The second way is through the delisting requests submitted to the independent Office of the Ombudsperson by designated individuals and entities. The Ombudsperson plays an integral role in ensuring that the Committee’s procedures are fair and transparent and that the list dynamically reflects the threat posed by Al-Qaida and its affiliates. The Ombudsperson continues to have a significant caseload and role. Since the Committee’s last briefing to the Council, six individuals and entities have been delisted and three retained, following the Committee’s consideration of reports submitted by the Ombudsperson. There are currently 10 petitions received through the Ombudsperson that are under various stages of consideration. Thirdly, the Monitoring Team regularly updates the list based on information provided by Member States, and we encourage them to keep the Monitoring Team informed.

For sanctions to be effective they must be clear, targeted and implementable. Several initiatives have been taken in that regard. Earlier this year, the Chair produced a procedural note clarifying the reporting requirements of resolution 2199 (2015), adopted in February with the aim of stemming the financing of terrorists through the illicit oil trade. While the resolution has made a major contribution to consolidating international efforts to counter the threat posed by ISIL and the Al-Nusra Front, the level of reporting has so far been insufficient. The Committee therefore urges Member States to submit their reports required under paragraph 29 of the resolution as soon as possible, and to continuously submit those reports required under paragraph 12. We also look forward to the Monitoring Team’s assessment, in cooperation with other United Nations counter-terrorism bodies, of the impact of the measures, and to proposals for improving their implementation. In February, the Monitoring Team also produced three explanation-of-terms papers on the sanctions measures, which are available on the Committee’s website.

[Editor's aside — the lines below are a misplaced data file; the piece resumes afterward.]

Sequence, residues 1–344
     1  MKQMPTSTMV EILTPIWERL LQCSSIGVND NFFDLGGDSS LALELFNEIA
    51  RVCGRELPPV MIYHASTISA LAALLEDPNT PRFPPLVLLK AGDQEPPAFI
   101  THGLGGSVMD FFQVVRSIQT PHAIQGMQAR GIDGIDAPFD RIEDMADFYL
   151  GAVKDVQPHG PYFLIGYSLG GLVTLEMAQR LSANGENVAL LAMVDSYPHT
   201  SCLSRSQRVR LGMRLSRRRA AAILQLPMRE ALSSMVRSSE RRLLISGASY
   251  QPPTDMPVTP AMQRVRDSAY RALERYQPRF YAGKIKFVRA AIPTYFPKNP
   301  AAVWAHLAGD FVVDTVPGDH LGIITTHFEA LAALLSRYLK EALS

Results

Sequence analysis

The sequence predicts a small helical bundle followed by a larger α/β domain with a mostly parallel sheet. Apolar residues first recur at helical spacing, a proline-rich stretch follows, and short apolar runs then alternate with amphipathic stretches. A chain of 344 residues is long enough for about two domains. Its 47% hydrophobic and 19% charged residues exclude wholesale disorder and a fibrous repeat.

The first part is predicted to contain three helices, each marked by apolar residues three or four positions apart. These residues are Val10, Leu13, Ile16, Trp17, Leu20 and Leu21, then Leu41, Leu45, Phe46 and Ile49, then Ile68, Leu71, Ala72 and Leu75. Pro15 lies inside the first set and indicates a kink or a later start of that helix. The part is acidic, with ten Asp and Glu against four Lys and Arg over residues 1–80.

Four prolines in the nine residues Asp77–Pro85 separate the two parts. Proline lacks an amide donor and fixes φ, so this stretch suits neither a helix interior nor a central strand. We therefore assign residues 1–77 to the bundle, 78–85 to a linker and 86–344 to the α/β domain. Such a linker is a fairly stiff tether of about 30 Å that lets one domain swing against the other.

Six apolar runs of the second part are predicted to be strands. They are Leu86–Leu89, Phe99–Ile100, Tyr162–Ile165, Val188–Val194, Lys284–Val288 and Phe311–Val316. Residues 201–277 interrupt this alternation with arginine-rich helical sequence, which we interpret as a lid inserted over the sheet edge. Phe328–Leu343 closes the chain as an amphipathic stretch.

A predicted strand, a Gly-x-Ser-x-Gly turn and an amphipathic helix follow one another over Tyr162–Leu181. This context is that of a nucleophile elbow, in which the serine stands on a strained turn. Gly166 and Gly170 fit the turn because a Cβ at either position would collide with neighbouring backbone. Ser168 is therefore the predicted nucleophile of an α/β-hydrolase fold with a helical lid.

Work is also being done to standardize the format of all United Nations sanctions lists and to update the Committee’s website to make it more user-friendly. The Committee is mandated, with the Monitoring Team’s assistance, to consider issues of possible non-compliance with sanctions measures, and has received complaints from Member States. On 24 April, the Chair held an open briefing for interested Member States that included discussion of the implementation issues. I encourage Member States to share any queries and concerns with the Committee and the Monitoring Team. We stand ready to assist.

As for the Committee’s future activities, the Monitoring Team will be presenting reports on Libya and the impact of resolution 2199 (2015). The Committee is currently discussing the recommendations of the Monitoring Team’s seventeenth report, and we hope to have those agreed on shortly. I also plan to continue to hold regular open briefings on the work of the Committee for all interested Member States.

I would like to take this opportunity today to note there will be a changing of the guard in the roles of the Ombudsperson and Monitoring Team, and especially the Coordinator. Both are crucial to the Committee’s work and the ability of the regime to respond effectively, fairly and transparently to the evolving threat posed by Al-Qaida and its affiliates. I would like to thank the Ombudsperson, Kimberly Prost, and the Monitoring Team, including its Coordinator, Alexander Evans, for their tireless efforts, and to wish them the very best in their future endeavours.

To conclude, I want to re-emphasize that the 1267 Sanctions Committee relies on cooperation from Member States so that Al-Qaida and its affiliates are designated, sanctions are implemented and the tragic toll of terrorism is prevented.